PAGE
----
"If you can't trust the local kleptocrat whom you installed by force and prop up with billions of annual dollars, who can you trust?" Lemur
    If you're not a liberal when you're 25, you have no heart. If you're not a conservative by the time you're 35, you have no brain.
    The best argument against democracy is a five minute talk with the average voter. Winston Churchill

  15. #75

    Default Re: Backroom Errata

    Amazon warehouse work experience:

    Bloodworth says it felt like a “prison,” with workers constantly monitored and having to pass through security whenever they went on break or to the bathroom. (Time spent in the security line is, of course, unpaid.) Warehouse workers frequently walked ten miles a day across ten and a half hour shifts, and frequently worked mandatory overtime. The hand-held devices they carried frequently transmitted “admonishments to speed up” and ranked workers from “highest to lowest in terms of the speed at which we collected the items.
    The atmosphere was suffused with jargonistic bullshit. You weren’t supposed to call it a “warehouse,” but a “fulfillment center.” Workers weren’t “fired,” they were “released.” (That one might be accurate.) In fact, they weren’t even “workers,” they were “associates,” and Bloodworth days that on day one management told them that Amazon was an egalitarian workplace because “Jeff Bezos is an associate and so are all of you.” (Some associates are more equal than others, by about $150 billion.) Posters of happy employees had captions like “We love coming to work and miss it when we’re not here!”, though Bloodworth cites a survey of Amazon staff showing: 91 percent wouldn’t recommend working there, 89 percent felt exploited, 71 percent reported walking more than 10 miles per day, and 78 percent felt their breaks were too short. Workers were disciplined with “points,” and anyone who received six points would be fired—sorry, “released,” with points given out for “being sick” or “being late because the Amazon bus didn’t show up.”
    But, amusingly, Amazon did not actually deny my actual factual assertions. Instead, it said things like “We don’t recognise the claim that people walk 20 miles” and “The article references people collapsing, which is not something we recognise.” Not that it doesn’t happen. Just that they don’t recognize it!

    Generations ago, this is genuinely what people speculated a communist dystopia would look like.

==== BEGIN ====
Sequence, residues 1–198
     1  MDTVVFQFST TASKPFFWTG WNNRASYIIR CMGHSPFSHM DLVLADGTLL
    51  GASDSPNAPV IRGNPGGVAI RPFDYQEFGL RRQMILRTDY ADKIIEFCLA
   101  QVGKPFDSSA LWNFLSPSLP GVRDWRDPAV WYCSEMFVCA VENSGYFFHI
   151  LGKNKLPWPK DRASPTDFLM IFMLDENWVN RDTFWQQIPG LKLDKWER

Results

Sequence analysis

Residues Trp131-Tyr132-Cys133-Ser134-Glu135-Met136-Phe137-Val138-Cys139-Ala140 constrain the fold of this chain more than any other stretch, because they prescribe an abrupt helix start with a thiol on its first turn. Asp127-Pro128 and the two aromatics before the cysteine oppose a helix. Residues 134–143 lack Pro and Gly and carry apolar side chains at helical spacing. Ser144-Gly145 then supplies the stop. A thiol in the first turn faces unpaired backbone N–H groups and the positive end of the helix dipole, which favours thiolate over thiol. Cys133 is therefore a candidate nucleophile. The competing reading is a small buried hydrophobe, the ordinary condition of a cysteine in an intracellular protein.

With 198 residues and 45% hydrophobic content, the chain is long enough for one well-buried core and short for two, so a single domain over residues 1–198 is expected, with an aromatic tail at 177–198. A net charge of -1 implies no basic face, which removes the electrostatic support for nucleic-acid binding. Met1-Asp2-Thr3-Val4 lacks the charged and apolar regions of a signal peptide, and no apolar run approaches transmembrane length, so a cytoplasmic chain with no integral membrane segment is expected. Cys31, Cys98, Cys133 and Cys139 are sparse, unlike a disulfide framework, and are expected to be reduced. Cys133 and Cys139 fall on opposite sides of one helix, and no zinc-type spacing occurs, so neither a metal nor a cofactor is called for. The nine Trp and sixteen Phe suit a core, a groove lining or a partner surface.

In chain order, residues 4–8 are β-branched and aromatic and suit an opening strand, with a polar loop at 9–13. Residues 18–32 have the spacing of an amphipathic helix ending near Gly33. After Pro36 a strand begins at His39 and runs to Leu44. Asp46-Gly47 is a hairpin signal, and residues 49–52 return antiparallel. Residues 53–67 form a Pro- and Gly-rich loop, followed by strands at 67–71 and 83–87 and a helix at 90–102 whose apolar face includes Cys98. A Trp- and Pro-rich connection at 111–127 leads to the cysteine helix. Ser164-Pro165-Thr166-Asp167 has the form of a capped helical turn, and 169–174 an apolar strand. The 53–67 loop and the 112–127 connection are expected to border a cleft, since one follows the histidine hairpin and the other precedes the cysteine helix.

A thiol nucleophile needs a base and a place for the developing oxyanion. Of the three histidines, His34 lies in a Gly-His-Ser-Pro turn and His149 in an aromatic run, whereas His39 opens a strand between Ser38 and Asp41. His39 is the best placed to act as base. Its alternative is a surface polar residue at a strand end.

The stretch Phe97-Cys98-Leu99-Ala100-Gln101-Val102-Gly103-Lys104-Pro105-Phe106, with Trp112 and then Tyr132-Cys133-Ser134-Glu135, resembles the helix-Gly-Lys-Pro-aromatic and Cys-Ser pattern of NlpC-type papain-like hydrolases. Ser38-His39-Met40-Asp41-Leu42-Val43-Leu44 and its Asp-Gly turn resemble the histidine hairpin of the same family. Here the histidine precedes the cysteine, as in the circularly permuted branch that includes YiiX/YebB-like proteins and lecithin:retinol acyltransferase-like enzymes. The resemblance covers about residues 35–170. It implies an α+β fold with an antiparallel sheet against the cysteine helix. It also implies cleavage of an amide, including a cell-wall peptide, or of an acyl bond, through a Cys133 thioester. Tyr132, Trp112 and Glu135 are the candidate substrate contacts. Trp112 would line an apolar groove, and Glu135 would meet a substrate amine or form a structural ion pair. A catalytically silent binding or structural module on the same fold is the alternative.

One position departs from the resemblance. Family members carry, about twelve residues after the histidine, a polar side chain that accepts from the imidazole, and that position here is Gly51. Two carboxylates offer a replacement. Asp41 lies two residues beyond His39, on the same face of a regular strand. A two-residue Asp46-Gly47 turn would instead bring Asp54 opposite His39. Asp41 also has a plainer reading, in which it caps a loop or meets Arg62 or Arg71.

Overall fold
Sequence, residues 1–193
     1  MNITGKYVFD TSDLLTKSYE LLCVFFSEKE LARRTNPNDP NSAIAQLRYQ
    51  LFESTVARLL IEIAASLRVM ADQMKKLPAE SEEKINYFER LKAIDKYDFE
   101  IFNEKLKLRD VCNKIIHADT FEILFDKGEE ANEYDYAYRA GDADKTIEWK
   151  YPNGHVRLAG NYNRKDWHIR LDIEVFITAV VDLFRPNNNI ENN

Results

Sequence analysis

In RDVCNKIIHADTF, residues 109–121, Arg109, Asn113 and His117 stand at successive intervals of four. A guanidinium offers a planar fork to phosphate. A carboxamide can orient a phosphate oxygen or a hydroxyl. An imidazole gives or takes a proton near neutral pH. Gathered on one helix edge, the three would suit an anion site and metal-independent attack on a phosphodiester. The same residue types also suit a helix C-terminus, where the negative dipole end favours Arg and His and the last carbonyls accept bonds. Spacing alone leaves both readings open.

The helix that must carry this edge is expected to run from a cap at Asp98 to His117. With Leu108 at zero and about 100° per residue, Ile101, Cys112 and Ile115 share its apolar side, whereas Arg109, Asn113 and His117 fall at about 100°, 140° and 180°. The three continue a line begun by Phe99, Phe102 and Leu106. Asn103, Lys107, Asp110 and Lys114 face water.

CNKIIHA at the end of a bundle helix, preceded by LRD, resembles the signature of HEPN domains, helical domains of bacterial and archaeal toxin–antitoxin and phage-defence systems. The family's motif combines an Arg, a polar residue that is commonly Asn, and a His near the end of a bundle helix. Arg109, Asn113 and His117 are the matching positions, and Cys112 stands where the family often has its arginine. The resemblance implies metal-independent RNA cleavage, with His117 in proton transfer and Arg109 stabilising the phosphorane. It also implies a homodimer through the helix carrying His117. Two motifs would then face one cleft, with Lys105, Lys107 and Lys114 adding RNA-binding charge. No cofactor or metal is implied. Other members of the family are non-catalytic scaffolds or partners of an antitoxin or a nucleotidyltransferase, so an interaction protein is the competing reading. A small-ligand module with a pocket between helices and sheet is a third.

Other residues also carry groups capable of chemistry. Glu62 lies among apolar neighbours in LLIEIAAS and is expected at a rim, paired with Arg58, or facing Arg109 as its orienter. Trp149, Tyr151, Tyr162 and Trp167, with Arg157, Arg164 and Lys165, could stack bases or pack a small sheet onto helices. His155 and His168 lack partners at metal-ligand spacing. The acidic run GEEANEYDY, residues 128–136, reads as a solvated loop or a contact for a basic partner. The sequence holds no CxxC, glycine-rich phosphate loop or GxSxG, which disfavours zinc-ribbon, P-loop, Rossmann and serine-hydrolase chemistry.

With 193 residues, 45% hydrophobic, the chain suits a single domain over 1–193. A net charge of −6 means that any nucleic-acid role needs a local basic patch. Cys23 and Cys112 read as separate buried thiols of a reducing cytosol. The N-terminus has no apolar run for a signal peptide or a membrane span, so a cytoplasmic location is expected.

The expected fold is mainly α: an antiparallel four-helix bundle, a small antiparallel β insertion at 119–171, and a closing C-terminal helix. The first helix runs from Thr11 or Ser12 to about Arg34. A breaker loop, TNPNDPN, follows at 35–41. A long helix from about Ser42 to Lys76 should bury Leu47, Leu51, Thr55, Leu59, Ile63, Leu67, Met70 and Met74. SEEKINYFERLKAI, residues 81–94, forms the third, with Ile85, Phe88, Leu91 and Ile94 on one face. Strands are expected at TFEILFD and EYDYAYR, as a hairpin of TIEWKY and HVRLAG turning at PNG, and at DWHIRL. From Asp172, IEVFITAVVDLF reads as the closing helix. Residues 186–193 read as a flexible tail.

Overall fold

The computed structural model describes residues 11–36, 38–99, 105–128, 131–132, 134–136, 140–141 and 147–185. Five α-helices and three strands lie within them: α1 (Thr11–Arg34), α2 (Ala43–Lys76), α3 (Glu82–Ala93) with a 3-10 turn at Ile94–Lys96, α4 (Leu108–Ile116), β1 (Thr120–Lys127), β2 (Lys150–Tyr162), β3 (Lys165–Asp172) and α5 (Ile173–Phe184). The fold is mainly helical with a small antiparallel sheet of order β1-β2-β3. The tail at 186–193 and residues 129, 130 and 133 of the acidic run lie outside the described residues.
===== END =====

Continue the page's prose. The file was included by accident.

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  16. #76
    Iron Fist Senior Member Husar's Avatar
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    Quote Originally Posted by Montmorency View Post
    Generations ago, this is genuinely what people speculated a communist dystopia would look like.
    But they're free to quit and go live under a bridge instead!


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  17. #77
    Member Member Crandar's Avatar
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    Default Re: Backroom Errata

    Fox struggling against the Japanese and the Danes.

  18. #78

    Default Re: Backroom Errata

    Money is power to order the material world. The state's power runs as far as the material world does, no more but not inevitably less. The purpose of taxing the rich must be framed in terms of breaking their power, not in terms of 'paying for things'.

    Wealth may be immoral in its own right, but unaccountable power is even worse.

    Quote Originally Posted by Beardsley Rumi, Chairman of NY Fed, 1945
    Final freedom from the domestic money market exists for every sovereign national state where there exists an institution which functions in the manner of a modern central bank, and whose currency is not convertible into gold or into some other commodity. The United States is a national state which has a central banking system, the Federal Reserve System, and whose currency, for domestic purposes, is not convertible into any commodity. It follows that our Federal Government has final freedom from the money market in meeting its financial requirements. Accordingly, the inevitable social and economic consequences of any and all taxes have now become the prime consideration in the imposition of taxes. In general, it may be said that since all taxes have consequences of a social and economic character, the government should look to these consequences in formulating its tax policy. All federal taxes must meet the test of public policy and practical effect. The public purpose which is served should never be obscured in a tax program under the mask of raising revenue.
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  19. #79
    Hǫrðar Member Viking's Avatar
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    Default Re: Backroom Errata

    Quote Originally Posted by Montmorency View Post
    Money is power to order the material world. The state's power runs as far as the material world does, no more but not inevitably less. The purpose of taxing the rich must be framed in terms of breaking their power, not in terms of 'paying for things'.
    So you move power from one small group of people to another small group of people, effectively concentrating the power at the hands of a smaller number of people overall. Then what?

    Wealth may be immoral in its own right, but unaccountable power is even worse.
    No one is unaccountable.
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  20. #80
    Member Member Gilrandir's Avatar
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    Quote Originally Posted by Viking View Post

    No one is unaccountable.